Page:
Intel will unveil new Xeon processors for four-processor servers on Tuesday,
marking the latest entrant in the increasingly competitive server market. The
chip, a member of the Gallatin family, will run at 3 gigahertz and include 4
megabytes of Level 3 cache. Dell, Hewlett-Packard, Unisys and others are
expected to incorporate the chip into new servers relatively soon. Intel only
comes out with new processors in this market every nine months or so–the 2.8GHz
Gallatin came out in June 2003–because server manufacturers and customers don’t
want to continually test new parts. The existing 2.8GHz Gallatin costs $ 3,692 in
quantities of 1,000. The new Intel chip will not include the 64-bit extensions
announced in February. Those will first appear in Nocona, a Xeon for single and
two-way servers. Potomac, the successor to Gallatin coming next year, will be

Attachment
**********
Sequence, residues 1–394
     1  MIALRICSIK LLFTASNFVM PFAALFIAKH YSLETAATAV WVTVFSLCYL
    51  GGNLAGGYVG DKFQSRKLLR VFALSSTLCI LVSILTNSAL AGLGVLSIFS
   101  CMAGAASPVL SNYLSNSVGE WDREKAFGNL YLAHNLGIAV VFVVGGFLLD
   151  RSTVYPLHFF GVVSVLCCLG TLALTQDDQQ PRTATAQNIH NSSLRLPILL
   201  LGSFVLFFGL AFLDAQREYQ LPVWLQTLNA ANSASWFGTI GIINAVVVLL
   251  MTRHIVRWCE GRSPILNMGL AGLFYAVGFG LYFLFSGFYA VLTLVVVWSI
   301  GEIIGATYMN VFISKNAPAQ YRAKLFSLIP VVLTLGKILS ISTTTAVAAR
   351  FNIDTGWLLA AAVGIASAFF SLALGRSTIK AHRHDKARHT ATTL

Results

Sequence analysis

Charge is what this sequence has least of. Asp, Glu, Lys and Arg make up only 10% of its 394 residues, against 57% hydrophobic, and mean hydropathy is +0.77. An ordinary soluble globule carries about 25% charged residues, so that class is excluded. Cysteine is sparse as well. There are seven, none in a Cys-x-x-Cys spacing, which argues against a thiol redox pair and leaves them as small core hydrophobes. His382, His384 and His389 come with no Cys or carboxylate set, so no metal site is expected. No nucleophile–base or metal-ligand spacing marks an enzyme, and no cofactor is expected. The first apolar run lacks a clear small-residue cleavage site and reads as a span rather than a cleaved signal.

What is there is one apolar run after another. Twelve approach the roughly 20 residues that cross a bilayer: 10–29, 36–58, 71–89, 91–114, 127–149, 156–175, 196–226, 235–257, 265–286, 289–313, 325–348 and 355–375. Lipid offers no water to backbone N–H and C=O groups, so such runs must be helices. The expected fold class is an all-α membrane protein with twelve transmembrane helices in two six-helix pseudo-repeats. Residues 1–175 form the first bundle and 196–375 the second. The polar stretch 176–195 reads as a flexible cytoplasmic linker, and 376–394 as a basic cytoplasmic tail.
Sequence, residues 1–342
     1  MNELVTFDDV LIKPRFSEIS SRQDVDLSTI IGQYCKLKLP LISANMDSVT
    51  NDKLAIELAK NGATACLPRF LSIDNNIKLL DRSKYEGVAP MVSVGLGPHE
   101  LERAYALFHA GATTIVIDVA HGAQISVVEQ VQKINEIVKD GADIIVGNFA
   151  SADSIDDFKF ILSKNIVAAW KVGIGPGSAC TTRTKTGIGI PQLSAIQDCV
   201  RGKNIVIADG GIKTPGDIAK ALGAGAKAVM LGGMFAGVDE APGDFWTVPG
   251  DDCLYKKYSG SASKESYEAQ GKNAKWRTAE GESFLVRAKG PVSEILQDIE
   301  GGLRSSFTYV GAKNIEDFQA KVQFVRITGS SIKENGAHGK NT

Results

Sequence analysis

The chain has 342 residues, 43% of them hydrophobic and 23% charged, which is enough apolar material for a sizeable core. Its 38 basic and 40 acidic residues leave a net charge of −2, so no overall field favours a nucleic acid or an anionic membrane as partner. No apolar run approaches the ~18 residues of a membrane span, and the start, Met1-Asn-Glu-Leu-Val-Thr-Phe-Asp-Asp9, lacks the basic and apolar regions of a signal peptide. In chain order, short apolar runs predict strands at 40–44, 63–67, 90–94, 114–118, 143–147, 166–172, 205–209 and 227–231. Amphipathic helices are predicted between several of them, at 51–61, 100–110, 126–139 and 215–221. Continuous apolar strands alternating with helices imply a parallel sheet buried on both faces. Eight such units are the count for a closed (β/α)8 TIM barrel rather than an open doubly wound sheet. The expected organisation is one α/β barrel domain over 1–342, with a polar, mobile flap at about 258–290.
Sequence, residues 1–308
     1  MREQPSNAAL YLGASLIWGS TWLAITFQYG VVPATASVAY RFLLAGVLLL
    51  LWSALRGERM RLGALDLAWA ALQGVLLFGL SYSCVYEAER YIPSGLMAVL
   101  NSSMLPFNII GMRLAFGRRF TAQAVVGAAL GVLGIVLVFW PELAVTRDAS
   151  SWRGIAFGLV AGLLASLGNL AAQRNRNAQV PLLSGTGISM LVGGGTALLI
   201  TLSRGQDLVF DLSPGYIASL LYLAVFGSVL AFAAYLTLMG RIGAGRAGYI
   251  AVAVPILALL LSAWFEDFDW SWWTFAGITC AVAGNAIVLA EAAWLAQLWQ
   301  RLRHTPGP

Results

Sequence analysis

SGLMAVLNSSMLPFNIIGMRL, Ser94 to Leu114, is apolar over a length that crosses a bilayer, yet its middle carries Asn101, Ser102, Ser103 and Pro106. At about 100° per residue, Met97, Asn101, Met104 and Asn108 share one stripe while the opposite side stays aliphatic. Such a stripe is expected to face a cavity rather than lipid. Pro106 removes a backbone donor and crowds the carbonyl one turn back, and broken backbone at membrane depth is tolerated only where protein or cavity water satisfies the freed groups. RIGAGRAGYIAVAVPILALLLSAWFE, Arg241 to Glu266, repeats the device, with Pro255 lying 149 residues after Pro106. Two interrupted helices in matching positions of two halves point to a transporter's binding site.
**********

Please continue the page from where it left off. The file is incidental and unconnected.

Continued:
the first Xeon for four-processor servers to have this capability.

Check out the Xeon roadmap
here

Intel will unveil new Xeon processors for four-processor servers on Tuesday,
marking the latest entrant in the increasingly competitive server market. The
chip, a member of the Gallatin family, will run at 3 gigahertz and include 4
megabytes of Level 3 cache. Dell, Hewlett-Packard, Unisys and others are
expected to incorporate the chip into new servers relatively soon. Intel only
comes out with new processors in this market every nine months or so–the 2.8GHz
Gallatin came out in June 2003–because server manufacturers and customers don’t
want to continually test new parts. The existing 2.8GHz Gallatin costs $ 3,692 in
quantities of 1,000. The new Intel chip will not include the 64-bit extensions
announced in February. Those will first appear in Nocona, a Xeon for single and
two-way servers. Potomac, the successor to Gallatin coming next year, will be
the first Xeon for four-processor servers to have this capability.

Check out the Xeon roadmap
here